Draw a line down the center of the paper, which will be perpendicular to the floor. Hang the paper on a wall so that the upper edge is a few inches above the top of your head.

Stand against a wall

Wear a tight-fitting top or underwear. Stand with your back against the paper, your feet slightly parted, and your arms hanging naturally at your sides. Align your body so that the line is centered at the top of your head and between your legs.

Trace your shape

Enlist a friend to trace your torso. To establish the outline of the figure, have her keep the pencil perpendicular to the wall (for clarity, we had our model slant her pencil in the photo) along the side of the body and draw around the body. For a shoulder-slope tracing, trace from the waist up, including the sides of the neck. Don’t worry if the pencil line looks a little wobbly. Step away from the paper and draw over the pencil line with a marker, smoothing out small bumps in the original tracing. 

Use the tracing as a shoulder template

Remove the tracing from the wall, and lay it out on a table. Lay your garment pattern over the tracing, aligning the center front or center back along the vertical line and matching the neckline end of the shoulder seamline to the drawing. Compare the pattern’s shoulder slope with yours. You’ll see instantly whether you need to raise or lower the outer end of the shoulder seam. Here, the pattern’s seamline slopes at a noticeably steeper angle than the shoulder line.

For Square Shoulders, Angle Up

Square shoulders need a seam that slants less steeply from the neck to the shoulder point than it does on the pattern piece. 

1. Make an L slash for set-in sleeves.

raise armscye diagram

A. Cut around the armscye as shown at left, keeping the vertical cut parallel to the grainline and the horizontal cut perpendicular to it.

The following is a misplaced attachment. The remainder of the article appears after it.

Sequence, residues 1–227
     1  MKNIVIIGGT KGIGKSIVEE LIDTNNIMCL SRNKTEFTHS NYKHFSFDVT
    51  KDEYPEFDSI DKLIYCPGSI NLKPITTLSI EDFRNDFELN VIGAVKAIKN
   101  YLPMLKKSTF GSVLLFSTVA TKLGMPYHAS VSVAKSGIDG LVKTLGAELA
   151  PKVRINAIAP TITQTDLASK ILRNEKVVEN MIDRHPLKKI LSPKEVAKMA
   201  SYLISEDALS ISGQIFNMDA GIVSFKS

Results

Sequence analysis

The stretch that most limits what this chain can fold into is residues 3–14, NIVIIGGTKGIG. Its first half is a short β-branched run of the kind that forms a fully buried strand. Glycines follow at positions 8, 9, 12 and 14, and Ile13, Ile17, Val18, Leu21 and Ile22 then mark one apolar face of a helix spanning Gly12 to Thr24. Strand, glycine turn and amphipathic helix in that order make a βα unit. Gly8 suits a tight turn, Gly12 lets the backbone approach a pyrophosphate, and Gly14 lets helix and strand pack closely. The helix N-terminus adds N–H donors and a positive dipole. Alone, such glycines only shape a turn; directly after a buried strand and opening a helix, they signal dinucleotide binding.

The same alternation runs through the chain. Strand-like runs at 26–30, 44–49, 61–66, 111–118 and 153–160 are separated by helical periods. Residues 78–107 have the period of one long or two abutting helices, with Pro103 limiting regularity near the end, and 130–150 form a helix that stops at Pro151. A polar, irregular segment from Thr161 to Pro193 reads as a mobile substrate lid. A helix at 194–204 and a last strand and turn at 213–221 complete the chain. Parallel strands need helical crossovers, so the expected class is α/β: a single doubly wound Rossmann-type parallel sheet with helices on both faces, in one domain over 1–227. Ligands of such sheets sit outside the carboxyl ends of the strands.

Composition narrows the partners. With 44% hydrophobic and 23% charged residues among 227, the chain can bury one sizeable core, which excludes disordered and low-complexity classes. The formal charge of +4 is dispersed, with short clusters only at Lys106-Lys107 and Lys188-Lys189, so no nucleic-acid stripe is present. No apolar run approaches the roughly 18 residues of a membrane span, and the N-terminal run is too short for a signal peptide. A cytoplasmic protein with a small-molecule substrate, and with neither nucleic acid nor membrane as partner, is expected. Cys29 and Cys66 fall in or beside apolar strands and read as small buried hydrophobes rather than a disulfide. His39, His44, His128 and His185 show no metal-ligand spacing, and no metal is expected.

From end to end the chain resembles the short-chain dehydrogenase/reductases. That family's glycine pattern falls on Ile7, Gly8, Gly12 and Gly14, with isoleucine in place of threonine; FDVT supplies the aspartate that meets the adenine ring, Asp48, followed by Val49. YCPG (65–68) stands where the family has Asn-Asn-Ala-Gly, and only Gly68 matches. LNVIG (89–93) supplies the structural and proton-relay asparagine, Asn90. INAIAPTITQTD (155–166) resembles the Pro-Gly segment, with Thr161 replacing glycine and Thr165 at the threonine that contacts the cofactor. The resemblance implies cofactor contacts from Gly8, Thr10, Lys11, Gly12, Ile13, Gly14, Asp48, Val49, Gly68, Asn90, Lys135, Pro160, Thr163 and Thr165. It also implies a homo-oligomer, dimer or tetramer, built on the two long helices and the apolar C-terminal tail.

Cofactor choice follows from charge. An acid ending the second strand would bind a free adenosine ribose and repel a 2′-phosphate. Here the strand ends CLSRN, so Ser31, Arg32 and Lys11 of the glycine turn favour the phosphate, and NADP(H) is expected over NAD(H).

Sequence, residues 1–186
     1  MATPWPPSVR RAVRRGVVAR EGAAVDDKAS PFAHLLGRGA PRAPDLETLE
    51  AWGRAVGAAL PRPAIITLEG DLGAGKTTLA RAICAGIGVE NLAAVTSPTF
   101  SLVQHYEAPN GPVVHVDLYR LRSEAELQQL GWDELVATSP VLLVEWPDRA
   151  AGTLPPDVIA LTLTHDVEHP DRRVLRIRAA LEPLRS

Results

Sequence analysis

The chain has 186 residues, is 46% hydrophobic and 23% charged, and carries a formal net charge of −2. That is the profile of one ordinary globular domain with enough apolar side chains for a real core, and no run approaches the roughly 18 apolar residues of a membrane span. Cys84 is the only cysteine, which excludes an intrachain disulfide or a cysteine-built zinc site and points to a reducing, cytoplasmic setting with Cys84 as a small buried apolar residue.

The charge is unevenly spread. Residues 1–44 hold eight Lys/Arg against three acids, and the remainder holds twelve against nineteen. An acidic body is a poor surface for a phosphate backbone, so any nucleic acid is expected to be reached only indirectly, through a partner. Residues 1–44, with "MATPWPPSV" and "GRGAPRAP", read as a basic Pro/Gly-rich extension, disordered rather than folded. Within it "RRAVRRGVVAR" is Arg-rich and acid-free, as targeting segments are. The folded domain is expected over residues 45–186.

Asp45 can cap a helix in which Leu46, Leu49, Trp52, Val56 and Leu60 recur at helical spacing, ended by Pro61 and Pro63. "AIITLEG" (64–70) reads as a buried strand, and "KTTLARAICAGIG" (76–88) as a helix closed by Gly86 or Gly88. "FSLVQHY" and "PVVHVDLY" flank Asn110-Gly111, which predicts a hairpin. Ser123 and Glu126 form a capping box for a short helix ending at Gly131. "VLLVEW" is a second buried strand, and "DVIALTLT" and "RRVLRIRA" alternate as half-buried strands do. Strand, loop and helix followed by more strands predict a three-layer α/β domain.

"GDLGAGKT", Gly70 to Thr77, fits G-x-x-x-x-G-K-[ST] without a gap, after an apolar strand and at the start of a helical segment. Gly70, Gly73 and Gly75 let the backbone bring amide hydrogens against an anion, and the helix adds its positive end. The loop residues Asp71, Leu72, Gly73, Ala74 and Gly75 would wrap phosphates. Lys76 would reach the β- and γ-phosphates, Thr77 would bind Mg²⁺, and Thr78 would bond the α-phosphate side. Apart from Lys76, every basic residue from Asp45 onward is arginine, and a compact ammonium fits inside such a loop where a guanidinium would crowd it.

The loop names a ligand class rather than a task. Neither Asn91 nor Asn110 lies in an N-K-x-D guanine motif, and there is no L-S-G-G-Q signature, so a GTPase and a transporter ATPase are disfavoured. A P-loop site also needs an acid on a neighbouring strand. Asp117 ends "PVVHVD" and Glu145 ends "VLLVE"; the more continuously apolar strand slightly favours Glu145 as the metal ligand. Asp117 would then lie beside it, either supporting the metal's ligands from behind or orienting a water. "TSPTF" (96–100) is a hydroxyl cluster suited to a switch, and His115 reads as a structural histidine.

B. Slide the armscye section up as needed to meet the shoulder point on your shoulder template. Tape into position. 

C. True the shoulder seamline by connecting the ends with a straight line.

2. Increase the shoulder shaping in cut-on sleeves. Even if a cut-on, or kimono, sleeve has enough ease to accommodate a square shoulder, it can pull uncomfortably if the shoulder shaping is too shallow. 

reshape shoulder seam diagram

A. To fix this, lay the bodice section of patterns with cut-on sleeves over your shoulder template, aligning center fronts. 

B. Redraw the shoulder seam to follow your shoulder line. 

3. Work from the center front or center back to adjust raglan sleeves.

redraw shoulder seam diagram

A. Lay the garment-front pattern over your shoulder template, aligning center-front or center-back lines. 

B. Lay the raglan-sleeve pattern out, aligning the upper raglan notches. 

C. Redraw the shoulder seam to add room for a square shoulder. 

For Sloped Shoulders, Angle Down

Sloped shoulders need a seam that slants more steeply from the neck to the shoulder point than it does on the pattern piece.

1. Make an L slash for set-in sleeves.

lower armscye diagram

A. Cut around the armscye as shown at left, keeping the vertical cut parallel to the grainline and the horizontal cut perpendicular to it. 

B. Slide the armscye section down as needed to meet the shoulder point on your shoulder template. Tape into position.

C. True the shoulder seamline by connecting the ends with a straight line.

2. Minimize the shoulder shaping in cut-on sleeves. With sloped shoulders, too much of a curve in the upper sleeve seam of a cut-on sleeve can lead to unattractive folds of fabric. 

reshape shoulder seam diagram

A. Solve the problem by laying the bodice section over your shoulder template, aligning center fronts. 

B. Redraw the shoulder seam to follow your shoulder line. 

3. Work from the center front or center back to adjust raglan sleeves. 

redraw shoulder seam diagram

A. Lay the garment-front pattern over your shoulder template, aligning center-front or center-back lines. 

B. Lay out the raglan-sleeve pattern, aligning the upper raglan notches. 

C. Redraw the shoulder seam to reduce the shoulder ease.